Barnard Photographer Searches for Light

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    Tara Wray sits at her kitchen table with her dog, Nighthawk, and some of her photos laid out on Monday, Nov. 20, 2017, at her home in Barnard, Vt. Wray has launched a Kickstarter campaign to fund pre-sales for her hardcover photobook, "Too Tired for Sunshine." (Valley News - Charles Hatcher) Copyright Valley News. May not be reprinted or used online without permission. Send requests to Valley News — Charles Hatcher

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    Tara Wray places photos on her kitchen table on Monday, Nov. 20, 2017, at her home in Barnard, Vt. Wray has launched a Kickstarter campaign to fund pre-sales for her hardcover photobook, "Too Tired for Sunshine." (Valley News - Charles Hatcher) Copyright Valley News. May not be reprinted or used online without permission. Send requests to Valley News — Charles Hatcher

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    An untitled photogrraph from Tara Wray's planned photobook "Too Tired for Sunshine." Wray, who lives in Barnard, took photographs of details that matched her mood as she was battling depression. (Tara Wray photograph) Tara Wray photographs

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    An untitled photogrraph from Tara Wray's planned photobook "Too Tired for Sunshine." Wray, who lives in Barnard, took photographs of details that matched her mood as she was battling depression. (Tara Wray photograph) —Tara Wray photograph

Valley News Staff Writer
Published: 11/23/2017 12:05:07 AM
Modified: 11/23/2017 12:05:13 AM

There’s a nice-sounding folk theory that assumes a relationship between creativity and mental illness — Van Gogh’s ear seems to be the favored paradigm — but the truth is, this claim is unproven from a medical standpoint, and probably dangerous from a social one.

It might be more accurate to say that people with mental illness tend to see the world differently than the neurotypical. A person who is depressed, for example, might be more likely to notice the irony in a Rite Aid display of Mother’s Day bouquets that’s conveniently located next to the cleaning supplies, or how a bit of glazed doughnut got pinched off under the lip of its protective glass cover. They might find themselves inexplicably drawn to dogs looking out car windows, especially on damp or overcast days.

Tara Wray, the Barnard photographer and former filmmaker who has launched a Kickstarter campaign to fund the production of her forthcoming photo book, Too Tired for Sunshine, captures the world through just this lens. Wray has dealt with depression on and off for most of her life, she said, and both she and her book are matter-of-fact about the vicissitudes of living with the condition.

“Three hundred and fifty million people worldwide suffer from depression. It’s nothing to be embarrassed about,” she said during an interview at Jake’s, in Quechee, on a recent Thursday morning that surprised with snow. But she also doesn’t want to give the impression that she’s in a darker place than she really is, though she was experiencing depression when taking most of the photographs that appear in the book.

“I’m doing well now — I wouldn’t be able to get out of bed and talk to you if I wasn’t — but that’s not always the case,” she said.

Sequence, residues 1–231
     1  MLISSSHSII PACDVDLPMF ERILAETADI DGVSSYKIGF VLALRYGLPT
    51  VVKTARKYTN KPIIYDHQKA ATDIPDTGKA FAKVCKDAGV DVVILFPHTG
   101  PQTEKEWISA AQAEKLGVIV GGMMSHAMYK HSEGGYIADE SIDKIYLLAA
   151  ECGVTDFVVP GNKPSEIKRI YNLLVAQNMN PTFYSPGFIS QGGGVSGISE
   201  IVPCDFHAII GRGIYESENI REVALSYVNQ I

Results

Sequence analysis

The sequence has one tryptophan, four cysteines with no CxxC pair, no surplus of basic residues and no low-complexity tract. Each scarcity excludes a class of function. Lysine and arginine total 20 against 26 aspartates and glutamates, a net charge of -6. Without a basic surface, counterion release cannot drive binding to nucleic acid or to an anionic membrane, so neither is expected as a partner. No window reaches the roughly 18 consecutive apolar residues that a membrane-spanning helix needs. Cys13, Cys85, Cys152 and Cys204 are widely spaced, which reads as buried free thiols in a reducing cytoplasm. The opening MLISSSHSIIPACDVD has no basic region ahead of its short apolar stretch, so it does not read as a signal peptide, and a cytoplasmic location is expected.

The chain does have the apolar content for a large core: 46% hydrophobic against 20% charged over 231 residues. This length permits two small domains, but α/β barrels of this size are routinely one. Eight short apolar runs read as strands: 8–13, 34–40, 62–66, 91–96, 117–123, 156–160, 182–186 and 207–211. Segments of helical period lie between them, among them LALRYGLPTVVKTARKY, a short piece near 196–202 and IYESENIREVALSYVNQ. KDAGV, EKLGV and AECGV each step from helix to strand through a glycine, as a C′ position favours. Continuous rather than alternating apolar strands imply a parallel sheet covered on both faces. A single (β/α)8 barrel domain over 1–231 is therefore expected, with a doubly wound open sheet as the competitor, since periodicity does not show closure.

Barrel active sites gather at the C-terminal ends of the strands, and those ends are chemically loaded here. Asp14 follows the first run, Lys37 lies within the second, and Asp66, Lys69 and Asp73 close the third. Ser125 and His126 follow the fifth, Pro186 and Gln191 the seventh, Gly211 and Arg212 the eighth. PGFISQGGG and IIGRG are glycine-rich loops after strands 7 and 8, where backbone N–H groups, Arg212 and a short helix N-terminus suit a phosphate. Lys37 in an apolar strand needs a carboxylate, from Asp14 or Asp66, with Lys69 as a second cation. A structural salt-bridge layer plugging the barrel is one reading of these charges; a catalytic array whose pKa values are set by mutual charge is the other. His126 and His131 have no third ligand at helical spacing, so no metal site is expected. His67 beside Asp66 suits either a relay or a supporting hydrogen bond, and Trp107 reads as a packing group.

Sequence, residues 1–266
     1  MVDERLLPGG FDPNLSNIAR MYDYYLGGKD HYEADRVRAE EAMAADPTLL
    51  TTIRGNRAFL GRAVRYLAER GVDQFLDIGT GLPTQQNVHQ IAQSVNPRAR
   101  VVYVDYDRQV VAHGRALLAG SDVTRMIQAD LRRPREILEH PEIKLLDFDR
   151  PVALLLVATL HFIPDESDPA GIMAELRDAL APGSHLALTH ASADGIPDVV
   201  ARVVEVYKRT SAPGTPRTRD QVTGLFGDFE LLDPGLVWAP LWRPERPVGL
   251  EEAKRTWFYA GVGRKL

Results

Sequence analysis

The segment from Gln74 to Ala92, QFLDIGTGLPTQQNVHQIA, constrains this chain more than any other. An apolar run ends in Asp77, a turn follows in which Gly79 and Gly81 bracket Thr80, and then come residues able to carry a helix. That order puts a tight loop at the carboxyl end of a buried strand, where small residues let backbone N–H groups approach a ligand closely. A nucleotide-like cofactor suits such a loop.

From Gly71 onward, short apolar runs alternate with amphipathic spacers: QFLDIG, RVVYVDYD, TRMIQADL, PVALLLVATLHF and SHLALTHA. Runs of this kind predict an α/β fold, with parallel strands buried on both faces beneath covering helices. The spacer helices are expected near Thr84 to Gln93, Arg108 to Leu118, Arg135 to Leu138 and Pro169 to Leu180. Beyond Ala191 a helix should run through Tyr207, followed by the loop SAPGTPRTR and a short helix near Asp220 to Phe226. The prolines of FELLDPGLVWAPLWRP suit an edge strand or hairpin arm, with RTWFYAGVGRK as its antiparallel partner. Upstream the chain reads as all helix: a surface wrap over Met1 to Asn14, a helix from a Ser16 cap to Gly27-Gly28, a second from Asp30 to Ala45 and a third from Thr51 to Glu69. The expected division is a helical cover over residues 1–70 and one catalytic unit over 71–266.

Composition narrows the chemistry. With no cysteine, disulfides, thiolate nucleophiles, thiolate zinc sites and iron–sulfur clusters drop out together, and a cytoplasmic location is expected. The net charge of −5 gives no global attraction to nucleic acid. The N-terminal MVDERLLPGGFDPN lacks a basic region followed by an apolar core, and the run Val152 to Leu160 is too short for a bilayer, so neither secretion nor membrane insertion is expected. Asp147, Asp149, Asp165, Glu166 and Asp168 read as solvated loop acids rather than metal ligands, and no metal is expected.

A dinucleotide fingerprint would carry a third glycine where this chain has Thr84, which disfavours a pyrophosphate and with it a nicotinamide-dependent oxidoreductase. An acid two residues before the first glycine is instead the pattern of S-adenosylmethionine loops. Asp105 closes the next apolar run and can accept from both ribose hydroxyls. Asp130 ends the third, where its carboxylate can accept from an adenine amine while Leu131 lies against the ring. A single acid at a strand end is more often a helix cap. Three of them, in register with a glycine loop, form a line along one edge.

Wray pulled out some thick stacks of glossy, 4-by-6 photos and spread them out across the table. Over the course of the conversation, she sifted around for the ones she was particularly fond of: a shelving unit full of cardboard boxes all stamped with the word “disappointment,” an old woman wearing sunglasses and a head full of curlers, animals in various states of butchery, dogs looking out of cars.

“It’s kind of my wheelhouse, dogs in windows,” she said. As for why, “I tried to figure that out. I feel more connected to a dog in a parking lot than to a human, I guess.” She thinks it’s something about their aloneness that compels her.

Another photo of a dog, mostly black with a white nose and chest stripe, almost demands the projection of human emotion. It’s kind of hunched over and has a distinctly sullen, don’t-bother-me look to its face, as if ruminating on something a Jack Russell terrier, for example, could never understand. A couple of red-ribboned evergreens, mostly out of frame, suggest the holiday season.

“That dog looks exactly how I was feeling that day,” Wray said. “I felt like we had a connection.”

She shoots much of her work from this place of “instinct, emotion and light,” with the important caveat that “good light trumps everything,” she said. And Wray is well-versed in finding and manipulating light: Though only in her late 30s she likes to call herself a “retired filmmaker,” having switched tacks after directing two documentaries, Manhattan, Kansas (2006), in which she returns to her hometown to visit her mother, with whom she had a difficult relationship, and Cartoon College (2012), which follows a group of artists at the Center for Cartoon Studies in White River Junction.

For a while, she regarded photography as “not my medium. I was a documentary filmmaker, and taking pictures was always a side note,” she said. But she started getting more excited about it once she learned about making the most of different camera settings. “I took a class about it,” she said. “Go figure.”

Eventually she decided filmmaking was a bit too chaotic for her liking, and that she preferred the solitude and quiet meditation of photography. “It’s something that’s bigger than me,” she said, and sipped her coffee. “When you’re depressed, your world gets really small, and photography makes it feel less so. … It lessens the vice.”